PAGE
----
My car was re-possessed, I filed Chapter 7, and it stopped the sale of my car. How can I get my car back?
My car was re-possessed by an attorney to pay off a credit card debt. I filed Chapter 7, and it stopped the sale of my car. Now my car is just sitting at the towing place. How can I get my car back? Does the Trustee have to decide what to do with my car? I can't seem to get anyone to help me with these questions.
Filing for bankruptcy protection creates an "automatic stay" that prevents creditors from proceeding with any collection action on debts owed by the bankruptcy petitioner. Even though your vehicle had already been seized for enforcement of a judgment, the automatic stay enacted by the court has stopped the creditor from proceeding with an auction of the property, as would normally happen after seizure. Until the automatic stay is lifted, the creditor cannot sell the vehicle. Since the vehicle will likely be considered part of your bankruptcy estate (the money and property used to pay your creditors), the bankruptcy trustee assigned to your case may force the creditor to turn the property over to the estate. The trustee could then sell the vehicle and distribute the proceeds amongst your various creditors. If you would like to learn more about bankruptcy, I invite you to visit the Bills.com bankruptcy resources page.
Depending on the value of the vehicle, you may be able to retake possession by asserting your automobile and other personal property exemptions, allowing you to prevent the vehicle from becoming part of your bankruptcy estate. However, with the vehicle already in the possession of the judgment creditor, taking back the vehicle at this point may be an uphill battle. If the trustee takes the car, it will likely be sold to pay your creditors; if the trustee does not claim the vehicle for your estate, the creditor which seized the car may apply for relief from the automatic stay and proceed with its plans to sell the vehicle to pay down its judgment.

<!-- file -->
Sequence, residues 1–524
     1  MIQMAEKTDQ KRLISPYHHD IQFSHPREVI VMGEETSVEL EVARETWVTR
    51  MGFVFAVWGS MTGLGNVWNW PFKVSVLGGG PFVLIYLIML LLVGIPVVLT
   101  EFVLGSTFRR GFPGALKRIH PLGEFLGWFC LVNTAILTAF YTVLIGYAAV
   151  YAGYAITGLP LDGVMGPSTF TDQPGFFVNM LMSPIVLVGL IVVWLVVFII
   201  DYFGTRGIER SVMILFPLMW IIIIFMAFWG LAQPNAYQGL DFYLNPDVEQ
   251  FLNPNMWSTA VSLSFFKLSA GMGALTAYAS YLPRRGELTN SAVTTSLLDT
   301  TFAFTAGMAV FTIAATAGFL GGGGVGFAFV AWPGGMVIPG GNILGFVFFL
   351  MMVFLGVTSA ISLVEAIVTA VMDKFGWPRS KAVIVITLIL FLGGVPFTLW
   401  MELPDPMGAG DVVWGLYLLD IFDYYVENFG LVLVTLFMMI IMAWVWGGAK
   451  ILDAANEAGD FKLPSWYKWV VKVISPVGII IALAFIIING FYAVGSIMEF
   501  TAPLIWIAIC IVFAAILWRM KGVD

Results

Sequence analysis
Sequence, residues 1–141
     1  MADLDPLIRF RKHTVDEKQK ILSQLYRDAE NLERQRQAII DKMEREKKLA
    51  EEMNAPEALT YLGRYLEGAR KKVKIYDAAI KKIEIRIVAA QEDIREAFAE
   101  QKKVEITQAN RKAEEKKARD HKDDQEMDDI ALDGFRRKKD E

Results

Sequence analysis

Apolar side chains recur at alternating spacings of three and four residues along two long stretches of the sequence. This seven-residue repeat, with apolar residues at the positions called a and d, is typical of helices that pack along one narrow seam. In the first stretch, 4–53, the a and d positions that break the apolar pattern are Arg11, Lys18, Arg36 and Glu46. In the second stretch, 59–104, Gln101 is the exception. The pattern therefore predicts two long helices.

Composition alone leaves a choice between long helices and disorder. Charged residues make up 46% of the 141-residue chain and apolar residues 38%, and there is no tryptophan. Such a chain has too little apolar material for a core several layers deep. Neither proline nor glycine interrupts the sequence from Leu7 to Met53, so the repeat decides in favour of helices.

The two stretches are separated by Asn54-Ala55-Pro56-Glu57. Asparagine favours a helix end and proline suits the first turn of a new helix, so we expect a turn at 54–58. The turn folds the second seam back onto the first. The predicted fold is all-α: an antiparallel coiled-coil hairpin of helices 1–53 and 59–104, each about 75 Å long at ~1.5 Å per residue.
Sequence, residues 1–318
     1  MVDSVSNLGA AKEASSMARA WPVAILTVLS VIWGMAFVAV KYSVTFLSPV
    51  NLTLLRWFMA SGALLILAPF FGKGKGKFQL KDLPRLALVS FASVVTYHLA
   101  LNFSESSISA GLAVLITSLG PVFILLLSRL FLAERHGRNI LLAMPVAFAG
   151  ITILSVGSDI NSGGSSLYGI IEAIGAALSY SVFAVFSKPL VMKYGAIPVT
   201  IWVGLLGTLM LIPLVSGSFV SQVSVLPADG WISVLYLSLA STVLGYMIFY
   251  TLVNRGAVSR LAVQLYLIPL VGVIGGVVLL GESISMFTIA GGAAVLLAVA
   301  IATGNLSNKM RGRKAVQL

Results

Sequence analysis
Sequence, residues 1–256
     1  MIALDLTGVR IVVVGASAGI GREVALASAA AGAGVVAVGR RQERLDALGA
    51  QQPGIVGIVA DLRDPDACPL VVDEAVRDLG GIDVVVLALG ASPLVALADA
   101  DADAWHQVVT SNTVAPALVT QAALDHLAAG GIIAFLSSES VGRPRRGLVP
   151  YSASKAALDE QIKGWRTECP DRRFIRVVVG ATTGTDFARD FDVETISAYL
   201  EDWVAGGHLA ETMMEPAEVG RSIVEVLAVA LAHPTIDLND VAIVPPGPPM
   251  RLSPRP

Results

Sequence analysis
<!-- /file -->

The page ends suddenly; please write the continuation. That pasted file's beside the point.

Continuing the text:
Since you already filed for Chapter 7 bankruptcy protection, I presume that you retained an attorney to represent you in this matter. Consult with him or her as soon as possible to discuss the options available to you to retake possession of your vehicle. If you do not have an attorney, consult with an experienced bankruptcy attorney as soon as possible to review the details of your case. I wish you the best of luck in resolving the difficulties you are experiencing, and hope that the information I provided helps you Find. Learn. Save.
Did you know?
Debt is used to buy a home, pay for bills, buy a car, or pay for a college education. According to the NY Federal Reserve total household debt as of Q3 2023 was $17.291 trillion. Auto loan debt was $1.595 trillion and credit card was $1.079 trillion.
According to data gathered by Urban.org from a sample of credit reports, about 26% of people in the US have some kind of debt in collections. The median debt in collections is $1,739. Student loans and auto loans are common types of debt. Of people holding student debt, approximately 8% had student loans in collections. The national Auto/Retail debt delinquency rate was 4%.
Each state has its rate of delinquency and share of debts in collections. For example, in Alaska credit card delinquency rate was 2%, and the median credit card debt was $518.
Avoiding collections isn’t always possible. A sudden loss of employment, death in the family, or sickness can lead to financial hardship. Fortunately, there are many ways to deal with debt including an aggressive payment plan, debt consolidation loan, or a negotiated settlement.